While it is deeply satisfying and a privilege to be a practitioner, we are also faced with many challenges. Most of us need to become small business owner operators, with the many skills and stresses that entails. In spite of registration, we are still outsiders. While we make enormous contributions to the health of our society we do so with limited resources. Many practitioners are over or underworked, and struggle financially. Often our profession values competition over nurturing. Busy assembly-line clinics are valued as the ideal. Workaholics are admired. A cry for help is often seen as weakness. We are often misunderstood, by our patients, by the culturally dominant medicine, even by our families and friends. We can feel severe psychological pain as a result of the responsibility of being a practitioner, and because of the suffering we witness. Many people leave our profession. Others succumb to psychological or other illnesses, others to drug and alcohol abuse, a few to arrogance and lack of empathy, and some to suicide.

This workshop will address some of these problems, discuss compassion fatigue and secondary trauma. We will identify the signs, symptoms and indications of them. Participants will be invited to share their experiences. Some strategies for practitioner self-care will be offered and a chance to share what you have found helpful.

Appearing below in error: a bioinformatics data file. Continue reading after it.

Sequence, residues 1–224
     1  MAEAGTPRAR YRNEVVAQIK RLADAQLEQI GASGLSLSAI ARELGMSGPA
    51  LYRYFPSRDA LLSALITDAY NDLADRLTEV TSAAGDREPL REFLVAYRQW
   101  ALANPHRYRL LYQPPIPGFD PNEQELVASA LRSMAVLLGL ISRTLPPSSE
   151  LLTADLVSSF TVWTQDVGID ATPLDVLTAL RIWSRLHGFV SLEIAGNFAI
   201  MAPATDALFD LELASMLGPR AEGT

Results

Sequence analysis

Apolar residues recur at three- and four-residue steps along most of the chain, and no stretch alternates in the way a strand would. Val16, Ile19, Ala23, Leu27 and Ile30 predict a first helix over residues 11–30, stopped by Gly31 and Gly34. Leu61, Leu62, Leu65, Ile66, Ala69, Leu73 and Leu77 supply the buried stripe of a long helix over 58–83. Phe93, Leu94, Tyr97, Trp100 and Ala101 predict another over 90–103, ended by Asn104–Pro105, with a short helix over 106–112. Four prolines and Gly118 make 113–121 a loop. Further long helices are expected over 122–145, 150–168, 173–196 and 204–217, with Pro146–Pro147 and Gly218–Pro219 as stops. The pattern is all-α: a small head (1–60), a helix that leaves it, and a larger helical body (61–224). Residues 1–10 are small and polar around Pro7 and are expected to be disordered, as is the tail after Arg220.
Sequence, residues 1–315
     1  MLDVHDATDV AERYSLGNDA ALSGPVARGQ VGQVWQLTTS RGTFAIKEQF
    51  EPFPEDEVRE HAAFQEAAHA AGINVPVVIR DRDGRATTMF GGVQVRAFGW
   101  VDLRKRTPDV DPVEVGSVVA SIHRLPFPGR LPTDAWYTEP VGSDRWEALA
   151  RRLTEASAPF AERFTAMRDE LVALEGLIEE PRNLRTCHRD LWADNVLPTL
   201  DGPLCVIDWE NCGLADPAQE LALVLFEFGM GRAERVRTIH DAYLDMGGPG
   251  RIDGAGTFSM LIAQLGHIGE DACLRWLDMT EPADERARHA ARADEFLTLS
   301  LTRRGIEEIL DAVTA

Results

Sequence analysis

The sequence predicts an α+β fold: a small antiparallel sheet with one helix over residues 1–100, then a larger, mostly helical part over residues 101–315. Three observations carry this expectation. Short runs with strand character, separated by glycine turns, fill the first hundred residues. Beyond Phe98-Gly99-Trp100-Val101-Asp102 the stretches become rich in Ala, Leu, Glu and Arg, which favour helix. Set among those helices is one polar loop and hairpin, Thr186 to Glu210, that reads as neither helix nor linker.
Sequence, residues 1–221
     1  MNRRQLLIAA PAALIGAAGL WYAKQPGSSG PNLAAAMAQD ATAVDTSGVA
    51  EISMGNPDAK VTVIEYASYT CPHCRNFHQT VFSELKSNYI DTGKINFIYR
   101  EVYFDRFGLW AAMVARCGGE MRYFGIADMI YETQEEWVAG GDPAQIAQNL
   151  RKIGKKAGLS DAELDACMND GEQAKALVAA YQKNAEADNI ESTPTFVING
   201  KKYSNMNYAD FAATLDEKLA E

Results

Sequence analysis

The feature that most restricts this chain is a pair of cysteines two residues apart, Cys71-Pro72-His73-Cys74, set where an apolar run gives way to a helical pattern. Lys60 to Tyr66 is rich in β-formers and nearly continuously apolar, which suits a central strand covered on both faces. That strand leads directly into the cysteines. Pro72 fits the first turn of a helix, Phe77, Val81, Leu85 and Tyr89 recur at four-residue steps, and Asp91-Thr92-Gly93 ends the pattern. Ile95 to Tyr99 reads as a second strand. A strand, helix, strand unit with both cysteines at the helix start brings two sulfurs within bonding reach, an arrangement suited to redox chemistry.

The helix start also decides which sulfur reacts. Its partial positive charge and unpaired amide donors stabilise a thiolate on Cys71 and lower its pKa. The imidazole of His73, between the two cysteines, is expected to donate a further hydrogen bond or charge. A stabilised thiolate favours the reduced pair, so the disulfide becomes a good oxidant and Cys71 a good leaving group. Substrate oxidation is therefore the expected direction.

This is a one-day retreat, for you. To that end you are encouraged, you have permission, to wear loose comfortable clothing. It will be ok to use chairs, sit or lay on the floor. Bring blankets and cushions. You are encouraged to rest from screens, and social media, and spend the day attending to you. Some may prefer to stay quiet, refraining from chatting, perhaps eating in silence. Those that need to talk, might choose to speak quietly and attentively, a little away from others. Consider not wearing make-up, jewellery, perfumes, or clothes designed to catch attention. Let’s encourage our attention to move inwardly.

My experience as a practitioner, teacher, mentor and meditation teacher has helped me identify a variety of difficulties that arise in clinical practice. Some of these are common to other health care practitioners. Others are unique to our profession. For over 40 years I have been practising, and teaching Chinese medicine, in Australia and living overseas in Asia and the U.S. I have held senior academic roles in leading colleges, working on what skills a practitioner needs and some useful practises to acquire them. Simultaneously I have been a meditation student and teacher training in many settings. Everyone can and does meditate. Everyone can learn to refine the capacity to know ourselves and others. Everyone can develop a sensitive and balanced subjectivity to better empirically know. Just as we develop the balanced subjective knowing of a point's location by palpation, or the meaning of a pulse, by feeling it, we can learn to know our minds, thoughts, and feelings in a more balanced and reliable way.


Customer Rating